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Comets in the sky right now

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posted on Aug, 31 2014 @ 10:00 AM
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The comet Jacques (which is currently the brightest comet in the night sky) seems to like to be seen next to beautiful nebula. Here's last night's image by Rolando Ligustri, with the comet appearing in front of the IC 1396 nebula: www.astrobin.com...



It's very cool to see a comet with such a rich star field in the background. The nebula in this image is about 2,400 light years away from Earth, while the comet is just 0.573 AU away from Earth, closer than the Sun.

I managed to see it last night and also a couple of night ago, in my 10x42 binoculars. It was very faint (best seen with averted vision), and looked like a small blurry blob of faint light, with no tail or central condensation. Still, it was cool to see an actual comet.




posted on Sep, 15 2014 @ 01:38 PM
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Another beautiful comet in the night sky right now is C/2013 A1 Siding Spring, which as many of you probably know will pass very close to Mars this October. For now, it makes a great subject for astrophotographers like Marco Lorenzi, whos incredible image of this comet I'm presenting below. The comet is seen here as it passed next to the gigantic globular cluster 47 Tuc, which contains millions of stars:



Makse sure to check out the full-sized image: www.glitteringlights.com...

It's one of the most epic space images by an amateur I've seen. Words "my God, it's full of stars!" come to mind.

The comet and that humongous globular cluster (which can appear as large as the full moon under ideal sky conditions) are located in the southern sky, so cannot be seen from Europe or North America.

~~~

P.S. I said that it's an epic image, but when I look at that guy's other incredible images - like this one: www.glitteringlights.com... - I'm left speechless. Sadly, many such images go unnoticed, unless some popular science website or magazine posts them.
edit on 15-9-2014 by wildespace because: (no reason given)



posted on Dec, 7 2014 @ 03:14 AM
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Get your binoculars ready for a new (relatively) bright comet coming in January 2015 - C/2014 Q2 (Lovejoy).

Photo by Damian Peach


It is brightening very rapidly as it's approaching the Earth through December and January, and it is expected to brighten up to 5-6 mag (just on the edge of naked-eye visibility under a dark sky). In the Southern Hemisphere, it keeps observable in excellent condition until late January. In the Northern Hemisphere, it keeps extremely low until mid December. But after that, it will be observable in excellent condition. - www.aerith.net...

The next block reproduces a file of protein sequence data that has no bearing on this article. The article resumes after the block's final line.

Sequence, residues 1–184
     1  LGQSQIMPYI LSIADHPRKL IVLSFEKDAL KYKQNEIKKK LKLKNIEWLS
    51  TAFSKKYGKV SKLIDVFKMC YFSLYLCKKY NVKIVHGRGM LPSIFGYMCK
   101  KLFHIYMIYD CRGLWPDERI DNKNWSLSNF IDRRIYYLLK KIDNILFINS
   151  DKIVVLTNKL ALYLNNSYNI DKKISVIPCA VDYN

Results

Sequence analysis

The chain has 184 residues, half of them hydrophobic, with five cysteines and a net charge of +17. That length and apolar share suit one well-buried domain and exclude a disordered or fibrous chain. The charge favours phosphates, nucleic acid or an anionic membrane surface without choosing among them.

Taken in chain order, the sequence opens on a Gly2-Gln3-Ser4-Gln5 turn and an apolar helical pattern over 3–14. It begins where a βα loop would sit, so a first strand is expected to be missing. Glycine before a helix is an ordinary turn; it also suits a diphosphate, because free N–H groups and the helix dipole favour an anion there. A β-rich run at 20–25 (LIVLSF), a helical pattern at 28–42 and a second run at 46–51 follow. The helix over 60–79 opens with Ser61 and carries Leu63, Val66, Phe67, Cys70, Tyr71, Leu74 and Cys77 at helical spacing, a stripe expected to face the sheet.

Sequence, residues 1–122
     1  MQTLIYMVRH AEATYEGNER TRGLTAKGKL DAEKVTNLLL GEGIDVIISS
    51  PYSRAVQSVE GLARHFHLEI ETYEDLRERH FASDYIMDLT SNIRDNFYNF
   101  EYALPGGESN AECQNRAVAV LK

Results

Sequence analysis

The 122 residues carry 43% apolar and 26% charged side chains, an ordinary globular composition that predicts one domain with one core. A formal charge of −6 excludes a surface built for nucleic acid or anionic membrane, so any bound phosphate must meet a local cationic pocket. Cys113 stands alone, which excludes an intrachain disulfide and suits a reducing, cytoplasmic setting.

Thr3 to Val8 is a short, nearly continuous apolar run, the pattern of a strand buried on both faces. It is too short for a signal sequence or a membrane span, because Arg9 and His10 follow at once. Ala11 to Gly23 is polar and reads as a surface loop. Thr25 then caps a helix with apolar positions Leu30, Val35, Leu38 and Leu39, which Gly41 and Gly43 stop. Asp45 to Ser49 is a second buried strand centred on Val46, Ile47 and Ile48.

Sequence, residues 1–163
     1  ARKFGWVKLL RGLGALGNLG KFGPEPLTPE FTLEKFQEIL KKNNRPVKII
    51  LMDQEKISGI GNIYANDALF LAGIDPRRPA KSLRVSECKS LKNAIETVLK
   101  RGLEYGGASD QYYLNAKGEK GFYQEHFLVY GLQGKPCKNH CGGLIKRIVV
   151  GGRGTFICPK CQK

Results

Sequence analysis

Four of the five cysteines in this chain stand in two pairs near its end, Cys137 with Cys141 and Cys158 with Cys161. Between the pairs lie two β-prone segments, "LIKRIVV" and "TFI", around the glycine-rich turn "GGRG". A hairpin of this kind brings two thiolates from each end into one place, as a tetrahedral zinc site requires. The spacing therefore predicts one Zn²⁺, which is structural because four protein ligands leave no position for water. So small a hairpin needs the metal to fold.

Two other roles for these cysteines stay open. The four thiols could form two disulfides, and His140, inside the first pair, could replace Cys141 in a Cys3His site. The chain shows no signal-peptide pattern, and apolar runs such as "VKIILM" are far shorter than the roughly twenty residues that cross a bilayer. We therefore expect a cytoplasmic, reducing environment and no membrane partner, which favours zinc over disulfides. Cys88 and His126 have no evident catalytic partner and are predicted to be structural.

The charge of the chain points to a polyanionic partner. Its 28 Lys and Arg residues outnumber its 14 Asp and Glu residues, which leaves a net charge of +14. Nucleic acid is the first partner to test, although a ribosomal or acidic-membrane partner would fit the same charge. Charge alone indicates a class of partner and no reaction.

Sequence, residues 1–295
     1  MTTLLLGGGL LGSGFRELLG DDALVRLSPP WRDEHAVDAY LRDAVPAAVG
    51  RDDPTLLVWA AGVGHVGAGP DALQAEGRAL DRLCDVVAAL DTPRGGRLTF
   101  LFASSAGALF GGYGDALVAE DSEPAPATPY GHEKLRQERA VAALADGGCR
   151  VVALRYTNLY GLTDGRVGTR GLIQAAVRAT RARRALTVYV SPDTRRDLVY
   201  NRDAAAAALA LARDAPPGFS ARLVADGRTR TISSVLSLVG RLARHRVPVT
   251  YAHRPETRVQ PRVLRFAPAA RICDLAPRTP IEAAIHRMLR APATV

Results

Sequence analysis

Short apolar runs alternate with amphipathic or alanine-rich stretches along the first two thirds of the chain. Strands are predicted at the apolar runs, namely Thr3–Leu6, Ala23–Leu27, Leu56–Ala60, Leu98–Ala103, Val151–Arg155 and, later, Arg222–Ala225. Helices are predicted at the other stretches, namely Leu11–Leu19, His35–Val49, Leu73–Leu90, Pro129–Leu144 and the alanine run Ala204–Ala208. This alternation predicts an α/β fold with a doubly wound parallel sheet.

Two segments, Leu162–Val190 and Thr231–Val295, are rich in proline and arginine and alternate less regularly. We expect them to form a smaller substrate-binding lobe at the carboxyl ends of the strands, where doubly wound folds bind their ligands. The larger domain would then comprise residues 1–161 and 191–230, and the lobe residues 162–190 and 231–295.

Finding charts and a magnitude graph - www.aerith.net...
Live info - www.livecometdata.com...


Another stunning image by Gerald Rhemann:


edit on 7-12-2014 by wildespace because: (no reason given)



posted on Dec, 14 2014 @ 11:34 AM
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A few people have already reported seeing the C/2014 Q2 (Lovejoy) with the naked eye. It's promising to be a great binoculars object from end of Dec through to February.

I'll try to snap it with my new Canon 600D and a variety of lens, never photographed a comet before.


In January, the comet will be fairly easy to find, as it will pass below the Orion, Taurus, and approach Cassiopeia.




posted on Dec, 14 2014 @ 11:40 AM
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a reply to: wildespace

Thanks for the update. Almost missed this one.



posted on Dec, 14 2014 @ 04:15 PM
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a reply to: Peeple

It's a real beauty! sen.com...


^^ photo from today, 14th Dec 2014, by Damian Peach.

In case you're wondering, the green colour of a comet's coma (the gaseous cloud around the nucleus) comes from ionised diatomic carbon (C2). Although many articles (and even many astronomers) attribute it to cyanogen (CN), that's not correct, as cyanogen emmits primarily in ultraviolet part of spectrum.
edit on 14-12-2014 by wildespace because: (no reason given)



posted on Dec, 20 2014 @ 04:39 PM
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It's gonna be a big one, I'm sure. This is what the comets Elenin and ISON were promised to be, but failed to deliver.

Comet C/2014 Q2 (Lovejoy) is continuing to brighten and developing a glorious tail.

Tonight's picture from Damian Peach:



It should make a very nice show in binoculars, and perhaps even a naked-eye object from rural and suburban locations.

Although the mainstream media aren't pimping this comet as much as they did Elenin or ISON, this is the one to look forward to.

~~~

If you don't already have binoculars, do yourself a favour and get a pair ( 10x50 is usually quoted as the standard ), they are relatively affordable, and offer so much more of the night sky than is visible to the naked eye. It's one thing to read about comets and look at pictures, but something special to see that tiny foggy patch of light yourself and realise you're looking at a real comet.



posted on Dec, 20 2014 @ 05:15 PM
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a reply to: wildespace

I live in the Northeastern United States (Pennsylvania), and we literally have not had a clear day in over one week. There was one night this past week with a few broken clouds and a few stars poking through, but that was about it. Other than that, nothing but overcast sky all and and all night.